Nike is famous for taking a leadership position on the field and in the marketplace. But what it’s just done for the entire apparel industry is both surprising and enlightening.
At the turn of the year Nike released their open-source Environmental Apparel Design Tool. Developed over 7 years, the $6 million technology, by their estimates, helped them double the use of recycled polyester in 2010, diverting over 82 million plastic bottles from landfills.
Much has been written about the platform itself, but it is the business strategy behind it that is fascinating for marketers. To my mind, Nike demonstrates that it has embraced several key assumptions:
1. The challenges of sustainability, for capitalism at large and the environment, are so large that our shared interests necessarily override their sole interests.
2. Effectively change is almost impossible without industry-wide collaboration, cooperation and consensus.
3. These pressing sustainability issues that ultimately threaten the well being of society as well as Nike itself, are be solved better and faster together than alone.
4. Therefore the most effective way to enable change and maintain a marketplace advantage is to drive that change even if it means sharing your costly intellectual property with competitors.
Obviously such decisions are not without advantages unique to Nike.
1. Nike assumes the moral high ground by arguably foregoing its leadership position for the sake of the greater good.
2. First mover advantage is even more persuasive when it relates to social issues that are meaningful to consumers.
3. Nike effectively levels the sustainability playing field by ensuring that simply being “green” is not enough.
4. By adding to equally generous efforts such as co-founding the Green xChange, supporting Lance Armstrong’s Livestrong campaign and its wonderful Girl Effect campaigns in partnership with the Clinton Global Initiative, Nike is distinguishing itself as a brand that is integrating purpose into its for-profit business model earning the brand value social capital with consumers.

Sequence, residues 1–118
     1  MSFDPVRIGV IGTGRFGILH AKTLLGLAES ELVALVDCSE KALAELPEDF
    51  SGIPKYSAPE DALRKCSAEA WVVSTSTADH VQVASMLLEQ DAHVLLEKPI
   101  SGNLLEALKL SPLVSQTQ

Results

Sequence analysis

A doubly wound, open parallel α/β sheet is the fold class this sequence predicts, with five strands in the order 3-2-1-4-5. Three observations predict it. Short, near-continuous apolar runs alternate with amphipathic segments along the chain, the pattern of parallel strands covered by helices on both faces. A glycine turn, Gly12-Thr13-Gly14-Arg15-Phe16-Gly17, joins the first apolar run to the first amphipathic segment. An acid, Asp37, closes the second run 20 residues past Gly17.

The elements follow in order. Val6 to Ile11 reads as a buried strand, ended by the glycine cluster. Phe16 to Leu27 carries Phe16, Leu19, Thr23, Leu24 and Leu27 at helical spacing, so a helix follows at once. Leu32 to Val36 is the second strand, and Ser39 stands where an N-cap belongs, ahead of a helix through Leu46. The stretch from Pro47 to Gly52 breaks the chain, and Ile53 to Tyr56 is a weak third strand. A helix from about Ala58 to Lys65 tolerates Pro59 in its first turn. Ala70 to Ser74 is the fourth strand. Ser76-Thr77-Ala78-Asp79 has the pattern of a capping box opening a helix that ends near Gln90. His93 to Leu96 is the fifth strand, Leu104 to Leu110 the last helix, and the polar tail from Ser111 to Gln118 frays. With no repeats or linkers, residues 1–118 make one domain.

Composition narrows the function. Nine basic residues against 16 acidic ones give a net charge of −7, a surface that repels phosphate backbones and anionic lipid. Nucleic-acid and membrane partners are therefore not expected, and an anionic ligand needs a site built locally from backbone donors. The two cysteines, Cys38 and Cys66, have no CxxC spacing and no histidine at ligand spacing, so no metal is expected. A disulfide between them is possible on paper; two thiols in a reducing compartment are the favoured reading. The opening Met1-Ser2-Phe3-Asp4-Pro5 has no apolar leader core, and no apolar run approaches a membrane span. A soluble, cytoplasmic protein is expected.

Perhaps the most powerful lesson other brands can learn from Nike is the need to act in accordance with the reality of the world we live in. In a mutually dependant, intimately connected global community facing several major crises, brands need to operate with an expanded definition of self-interest that includes the greater good. Such efforts translate to influence within their industry and with consumers, or in Nike terms, the next generation of leadership.
Do you think that Nike earns consumer goodwill by helping the entire industry be more sustainable? Or do you think consumers see such efforts as cynical marketing ploys?
Reprinted from SimonMainwaring.com
Simon Mainwaring is a branding consultant, advertising creative director, blogger, and speaker. A former Nike creative at Wieden & Kennedy, Portland, and worldwide creative director for Motorola at Ogilvy, he now consults for brands and creative companies that are re-inventing their industries and enabling positive change. Follow him at SimonMainwaring.com or on Twitter @SimonMainwaring.